The rogue charade

A focus on rogues - whether rogue bankers, journalists or states - blinds us to larger, systemic failures. By Daniel Matthews.

Vince Cable, in a piece published in the Guardian in late December, accepted that the City is a “source of systemic instability, unfettered greed and industrial scale tax dodging” but blamed the problem on a small number of rogue institutions. The task it seems is to find the “few rotten apples” that somehow manage to bring an entire system into disrepute. The reliance on a minority scapegoat in order to cover over much wider-spread illegality, immorality and abuse of power is a particularly favoured tactic in the financial sector. Rogue traders like Jérôme Kerviel and the recent UBS renegade Kweku Adoboli along with rogue business leaders like Bernie Madoff and Allen Stanford are, we are told, the fly in the otherwise uncontaminated ointment of late capitalism.

The figure of the rogue is an interesting one. It implies both a destructive and unpredictable tendency as well as a mischievous but likeable trait. We all know someone who is “a bit of a rogue”. In recent years the rogue has become associated with the “rogue states” of North Korea, Iraq and Iran: cut off from the herd they are prone, we are told, to wild, unpredictable destruction. But despite the appalling suffering endured by the people of North Korea, the late Kim Jong-Il enjoyed somewhat “roguish”, laughable status in the West. The rogue is at once likeable, forgivable, mischievous, dangerous, destructive and unpredictable. The ability to evoke this sense of the simultaneously forgivable and the dangerous is perhaps why the term has been so widely used of late. The mischievous goings on of a few bad apples in the tabloid press that were easily forgiven at the time; those impish Rogue States that won’t let the weapons inspectors in; the pesky few companies that don’t pay their taxes in the City of London.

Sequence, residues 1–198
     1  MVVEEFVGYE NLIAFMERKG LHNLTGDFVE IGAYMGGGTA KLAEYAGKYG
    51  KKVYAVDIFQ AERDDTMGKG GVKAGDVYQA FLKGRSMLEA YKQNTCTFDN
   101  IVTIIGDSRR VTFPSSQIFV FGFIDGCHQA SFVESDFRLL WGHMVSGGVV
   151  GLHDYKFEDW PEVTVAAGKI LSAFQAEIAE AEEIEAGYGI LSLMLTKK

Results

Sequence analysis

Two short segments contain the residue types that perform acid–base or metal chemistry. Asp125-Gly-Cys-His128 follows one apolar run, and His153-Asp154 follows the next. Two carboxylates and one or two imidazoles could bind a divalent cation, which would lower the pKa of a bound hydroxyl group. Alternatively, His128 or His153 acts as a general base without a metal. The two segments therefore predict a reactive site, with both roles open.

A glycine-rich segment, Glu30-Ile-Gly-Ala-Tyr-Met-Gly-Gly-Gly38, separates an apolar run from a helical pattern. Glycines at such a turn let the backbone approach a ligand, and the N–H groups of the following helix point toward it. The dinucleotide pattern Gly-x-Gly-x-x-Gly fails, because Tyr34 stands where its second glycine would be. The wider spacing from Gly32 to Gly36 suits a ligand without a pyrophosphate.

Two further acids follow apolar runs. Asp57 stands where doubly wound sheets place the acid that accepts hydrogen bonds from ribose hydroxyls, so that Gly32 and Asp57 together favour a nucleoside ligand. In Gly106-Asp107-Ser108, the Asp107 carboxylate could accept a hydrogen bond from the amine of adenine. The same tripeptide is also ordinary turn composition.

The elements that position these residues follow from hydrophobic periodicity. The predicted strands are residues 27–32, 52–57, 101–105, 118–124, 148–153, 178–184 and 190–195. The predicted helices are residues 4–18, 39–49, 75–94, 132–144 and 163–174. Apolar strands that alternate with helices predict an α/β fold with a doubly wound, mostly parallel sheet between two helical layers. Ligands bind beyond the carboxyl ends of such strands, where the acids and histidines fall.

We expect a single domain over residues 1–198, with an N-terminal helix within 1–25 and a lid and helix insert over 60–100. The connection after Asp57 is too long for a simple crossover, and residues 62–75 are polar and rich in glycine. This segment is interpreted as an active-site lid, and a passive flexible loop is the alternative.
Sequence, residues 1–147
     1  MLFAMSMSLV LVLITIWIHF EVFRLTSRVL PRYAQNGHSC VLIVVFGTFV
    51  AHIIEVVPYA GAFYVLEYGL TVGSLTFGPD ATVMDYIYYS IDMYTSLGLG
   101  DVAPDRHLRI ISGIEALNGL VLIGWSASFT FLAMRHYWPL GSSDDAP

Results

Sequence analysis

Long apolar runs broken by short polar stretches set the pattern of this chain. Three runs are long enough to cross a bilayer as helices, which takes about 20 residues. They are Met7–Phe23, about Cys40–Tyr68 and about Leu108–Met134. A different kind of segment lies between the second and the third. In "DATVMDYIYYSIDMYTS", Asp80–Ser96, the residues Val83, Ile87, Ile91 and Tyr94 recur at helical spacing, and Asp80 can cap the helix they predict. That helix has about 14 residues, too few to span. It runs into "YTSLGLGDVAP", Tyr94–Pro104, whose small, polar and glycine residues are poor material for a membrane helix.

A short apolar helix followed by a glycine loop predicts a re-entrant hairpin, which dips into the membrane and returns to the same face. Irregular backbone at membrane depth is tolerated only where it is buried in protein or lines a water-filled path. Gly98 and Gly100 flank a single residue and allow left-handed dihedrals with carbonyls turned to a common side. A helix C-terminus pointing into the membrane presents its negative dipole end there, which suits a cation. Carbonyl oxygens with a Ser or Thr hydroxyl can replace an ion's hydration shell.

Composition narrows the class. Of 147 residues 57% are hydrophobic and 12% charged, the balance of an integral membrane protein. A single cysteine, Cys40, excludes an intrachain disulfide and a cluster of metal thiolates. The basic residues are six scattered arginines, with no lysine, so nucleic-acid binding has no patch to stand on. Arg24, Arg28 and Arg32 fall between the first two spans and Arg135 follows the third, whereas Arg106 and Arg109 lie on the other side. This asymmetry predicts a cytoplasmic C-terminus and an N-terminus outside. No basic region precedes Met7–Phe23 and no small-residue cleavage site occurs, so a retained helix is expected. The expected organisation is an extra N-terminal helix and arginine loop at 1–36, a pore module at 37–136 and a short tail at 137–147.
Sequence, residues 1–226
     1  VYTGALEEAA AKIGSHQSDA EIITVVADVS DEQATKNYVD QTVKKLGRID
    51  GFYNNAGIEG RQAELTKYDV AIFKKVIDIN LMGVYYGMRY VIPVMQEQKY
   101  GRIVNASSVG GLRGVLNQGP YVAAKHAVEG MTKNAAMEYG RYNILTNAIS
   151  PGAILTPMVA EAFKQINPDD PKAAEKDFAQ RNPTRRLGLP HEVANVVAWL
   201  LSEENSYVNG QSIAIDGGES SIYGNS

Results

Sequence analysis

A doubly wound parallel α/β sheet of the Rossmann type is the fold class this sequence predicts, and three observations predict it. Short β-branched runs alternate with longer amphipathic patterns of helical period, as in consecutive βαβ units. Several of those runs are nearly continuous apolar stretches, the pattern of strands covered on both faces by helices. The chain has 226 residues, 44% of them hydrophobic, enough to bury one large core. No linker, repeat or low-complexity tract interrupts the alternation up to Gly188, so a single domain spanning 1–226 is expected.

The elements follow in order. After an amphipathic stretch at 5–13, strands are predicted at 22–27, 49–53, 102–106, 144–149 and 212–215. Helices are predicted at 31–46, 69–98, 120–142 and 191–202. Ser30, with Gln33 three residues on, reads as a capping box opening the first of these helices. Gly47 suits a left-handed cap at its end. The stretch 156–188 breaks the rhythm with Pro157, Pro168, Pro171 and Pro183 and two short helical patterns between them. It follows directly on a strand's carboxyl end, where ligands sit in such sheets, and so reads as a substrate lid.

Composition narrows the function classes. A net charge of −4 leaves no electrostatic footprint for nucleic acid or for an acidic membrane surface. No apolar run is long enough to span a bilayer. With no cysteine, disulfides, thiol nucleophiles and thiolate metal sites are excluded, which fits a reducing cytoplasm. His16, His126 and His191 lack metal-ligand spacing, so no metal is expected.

In every case, the figure of the rogue is evoked to apportion blame and ask for forgiveness. It’s always just one or two rogue individuals, states or institutions that emerge as the unique source of blame for an entire system’s failure. The rogue is blamed but ultimately the system that produces it is forgiven.

When the figure of the rogue is evoked, it stops us asking more challenging questions. What if Glenn Mulcaire and his coterie of phone hackers are simply symptomatic of an entire system of oversight and regulation in the British press that has failed? What if North Korea, Iraq and Iran are simply the product of decades of failed diplomacy and geo-political negotiations that are more intent on the empire building of the United States and the security of Europe than anything else? What if the rogue institutions that caused the financial crisis of 2008 and now avoid paying their taxes are simply the best, and most profitable, example of everything that is wrong with capitalism today; merely the product of a system that rewards greed and exploitation?

As the Leveson inquiry into the culture and ethics of the British press continues, those rogues who hacked into answer phone messages on Fleet Street are quickly being exposed as pawns in a far larger game. Let’s hope that the rogue institutions of the City of London are not allowed to fulfil the promise of their epithet – for their transgressions to be forgiven and ignored. These rogues are products of greater forces at work. Let’s stop treating them like inexplicable anomalies and start to understand the conditions that make them and their misdemeanours possible. Then perhaps we can do away with the figure of the mischievous but forgivable rogue altogether.

Originally published on Critical Legal Thinking under a Creative Commons by-nc-nd 3.0 license.

Image top: stumayhew.